Elizabeth Kostova might find it a blessing in disguise that "The Historian", her debut novel, never made it to pre-production stage. Sony Picture bought the rights to the novel, but there were probable reasons why this project was shelved. The studio liked to play is safe, so producers opted for sequels, prequels, and remakes, romantic comedies, and horror flicks that left moviegoers disappointed after witnessing the climactic scene. It was also no secret that Marvel Studio and Walt Disney Studios Motion Pictures were about to collaborate on a very lucrative undertaking. (You must be out of this world if you didn't guess the Marvel Cinematic Universe.) But one reason would likely be right. "The Historian" was unfilmable at all.
Literature depicted Eastern Europe as a landscape shrouded in myth and superstition. The impression hardly changed despite the numerous political and social upheavals that changed the landscape these last few decades. J.K. Rowling, for instance, revealed Lord Voldermort's whereabouts after the infant Harry Potter weakened him. He was hiding (and recuperating) in Albania. The opening chapter of "The Howling" (1977) described a small of village of Dradja, located near the border separating Bulgaria and Greece. Passing travelers were warned not to go near that place, as weed wouldn't grow on the village ground. Did Gary Brandner think about that hair-raising story for nights? It seemed to be it, but there would be something else. The native of Sault Ste. Marie, Michigan did an extensive research on Eastern European folklore. John William Polidori's "The Vampyre" (1819) saw his doomed protagonist witnessing a vampire attack in the shadows of a Greek temple. Elizabeth Kostova did better than the three in "The Historian" (2005).
Some readers wouldn't like the fact that "The Historian" wasn't grounded in reality, even if vampire legends would connect most parts of Europe. But it was hard not to be impressed at Kostova's extent of her research in this region. For instance, she described a remote monastery built during the Second Bulgarian Empire (12th–14th century). Could it be the resting place of Vlad the Impaler? The author didn't let her readers make a guess, as she next took them to a medieval abbey in the Pyrenees. The monks have a fatalistic attitude towards the coming of 1000 AD, but one scholarly monk managed to find the secret to immortality. And then Kostova brought them to a puzzling fact. Sultan Mehmet II, the man behind the fall of Constantinopole in 1453, turned out to be a vampire hunter. It would be too good to be true, but records were scant if compared to what was recorded in Western Europe during the previous millennium.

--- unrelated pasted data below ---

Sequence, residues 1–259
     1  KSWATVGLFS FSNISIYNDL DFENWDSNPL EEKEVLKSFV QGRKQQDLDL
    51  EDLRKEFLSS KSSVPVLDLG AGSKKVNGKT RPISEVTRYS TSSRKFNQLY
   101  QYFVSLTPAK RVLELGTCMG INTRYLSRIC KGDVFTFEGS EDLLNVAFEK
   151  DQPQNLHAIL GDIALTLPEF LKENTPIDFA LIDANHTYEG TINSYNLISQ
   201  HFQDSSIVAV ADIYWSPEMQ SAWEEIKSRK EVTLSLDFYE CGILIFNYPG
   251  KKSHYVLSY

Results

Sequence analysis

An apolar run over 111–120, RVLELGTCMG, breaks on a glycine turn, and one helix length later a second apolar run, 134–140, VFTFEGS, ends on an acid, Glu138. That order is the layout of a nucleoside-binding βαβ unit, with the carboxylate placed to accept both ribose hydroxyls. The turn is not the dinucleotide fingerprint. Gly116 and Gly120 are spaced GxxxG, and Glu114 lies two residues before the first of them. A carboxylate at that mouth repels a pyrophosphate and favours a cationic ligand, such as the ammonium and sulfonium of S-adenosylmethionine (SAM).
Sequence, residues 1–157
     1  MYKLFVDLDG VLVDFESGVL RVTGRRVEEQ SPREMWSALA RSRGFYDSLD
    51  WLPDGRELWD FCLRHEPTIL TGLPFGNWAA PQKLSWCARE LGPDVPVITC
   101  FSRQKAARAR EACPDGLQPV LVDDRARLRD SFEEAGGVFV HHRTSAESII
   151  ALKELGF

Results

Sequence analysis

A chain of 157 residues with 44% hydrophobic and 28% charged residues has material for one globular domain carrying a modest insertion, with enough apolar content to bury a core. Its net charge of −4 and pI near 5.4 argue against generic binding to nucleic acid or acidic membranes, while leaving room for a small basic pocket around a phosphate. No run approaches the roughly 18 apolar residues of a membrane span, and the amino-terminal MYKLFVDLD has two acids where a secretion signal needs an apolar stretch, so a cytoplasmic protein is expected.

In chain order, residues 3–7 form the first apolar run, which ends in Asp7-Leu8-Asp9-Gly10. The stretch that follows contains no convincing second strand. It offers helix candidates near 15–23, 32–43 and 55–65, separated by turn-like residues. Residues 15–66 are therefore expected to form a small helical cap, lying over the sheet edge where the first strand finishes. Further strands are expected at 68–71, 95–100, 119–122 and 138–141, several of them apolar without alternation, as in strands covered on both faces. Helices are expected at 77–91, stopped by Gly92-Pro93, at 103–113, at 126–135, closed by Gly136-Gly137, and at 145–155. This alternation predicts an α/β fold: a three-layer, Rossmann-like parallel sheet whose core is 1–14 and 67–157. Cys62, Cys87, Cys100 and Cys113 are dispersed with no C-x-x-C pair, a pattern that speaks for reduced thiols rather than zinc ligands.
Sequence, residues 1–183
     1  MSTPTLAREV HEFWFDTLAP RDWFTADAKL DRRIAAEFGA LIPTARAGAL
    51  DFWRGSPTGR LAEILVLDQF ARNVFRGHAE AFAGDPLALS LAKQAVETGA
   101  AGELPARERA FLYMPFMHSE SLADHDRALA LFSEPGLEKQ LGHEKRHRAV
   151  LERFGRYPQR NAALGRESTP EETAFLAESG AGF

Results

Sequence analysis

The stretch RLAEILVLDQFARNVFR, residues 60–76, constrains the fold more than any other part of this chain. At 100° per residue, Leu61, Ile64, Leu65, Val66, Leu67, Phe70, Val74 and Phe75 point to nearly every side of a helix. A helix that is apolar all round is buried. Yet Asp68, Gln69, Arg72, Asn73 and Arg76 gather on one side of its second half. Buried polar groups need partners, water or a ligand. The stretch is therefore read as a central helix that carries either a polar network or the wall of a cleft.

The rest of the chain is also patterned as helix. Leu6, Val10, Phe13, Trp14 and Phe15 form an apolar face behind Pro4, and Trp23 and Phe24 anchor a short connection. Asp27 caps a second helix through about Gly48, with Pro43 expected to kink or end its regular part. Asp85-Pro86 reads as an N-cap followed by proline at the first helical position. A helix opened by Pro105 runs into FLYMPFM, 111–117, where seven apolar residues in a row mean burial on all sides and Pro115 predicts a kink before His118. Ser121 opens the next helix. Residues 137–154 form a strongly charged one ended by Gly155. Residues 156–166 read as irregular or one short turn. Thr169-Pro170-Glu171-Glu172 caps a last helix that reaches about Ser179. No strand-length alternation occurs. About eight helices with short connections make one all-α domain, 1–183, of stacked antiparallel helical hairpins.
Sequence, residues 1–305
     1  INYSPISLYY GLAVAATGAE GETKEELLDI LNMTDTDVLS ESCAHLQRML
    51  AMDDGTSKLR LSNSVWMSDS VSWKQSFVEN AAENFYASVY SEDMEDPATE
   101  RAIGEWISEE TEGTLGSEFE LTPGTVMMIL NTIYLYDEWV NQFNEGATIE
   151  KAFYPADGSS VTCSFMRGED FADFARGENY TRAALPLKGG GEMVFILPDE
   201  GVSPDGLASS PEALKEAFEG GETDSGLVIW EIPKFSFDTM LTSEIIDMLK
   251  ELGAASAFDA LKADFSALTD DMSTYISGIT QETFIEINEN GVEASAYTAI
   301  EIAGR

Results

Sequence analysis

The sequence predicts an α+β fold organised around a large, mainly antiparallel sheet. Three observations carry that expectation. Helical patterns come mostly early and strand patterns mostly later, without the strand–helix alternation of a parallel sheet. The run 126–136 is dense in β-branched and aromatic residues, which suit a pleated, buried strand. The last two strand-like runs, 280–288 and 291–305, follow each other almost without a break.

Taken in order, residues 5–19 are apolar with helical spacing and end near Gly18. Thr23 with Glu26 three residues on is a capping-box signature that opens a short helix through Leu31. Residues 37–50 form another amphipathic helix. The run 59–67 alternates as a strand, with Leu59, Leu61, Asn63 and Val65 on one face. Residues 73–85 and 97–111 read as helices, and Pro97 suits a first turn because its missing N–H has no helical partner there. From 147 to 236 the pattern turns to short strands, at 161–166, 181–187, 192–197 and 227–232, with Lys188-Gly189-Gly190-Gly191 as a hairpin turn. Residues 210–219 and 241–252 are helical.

Love can move mountains
Kostova, who hailed from New London, Connecticut, rediscovered her Eastern Europe roots. She listened to Bulgarian folk music, even sang and directed a Slavic chorus during her college days. This led her to travel to Eastern Europe in 1989, where she studied the musical customs of every region. She witnessed the effects of the fall of the Berlin Wall, and it was safe to say that it inspired her to use Eastern Europe as her setting in her books. New ideas would be a must in writing, and Kostova didn't run out of it in her short literary career.
"The Shadow Land", which hit the bookshelves recently, saw Kostova returning to Bulgaria. Sports put this Eastern European nation on the map. (Manuela, Katerina, and Magdalena Maleeva were once dominant in women's tennis.) Could there be something else other than the Balkan Mountains, the old churches, and Communist legacy? Kostova found something, and it was grounded on a real thing. This made "The Shadow Land" different from "The Historian", where Paul and Helen went around Europe. (They were on a seemingly wild goose chase.) It could be compared to a fine morning when the sun's rays dissipate the mist. Stay tuned for the next feature.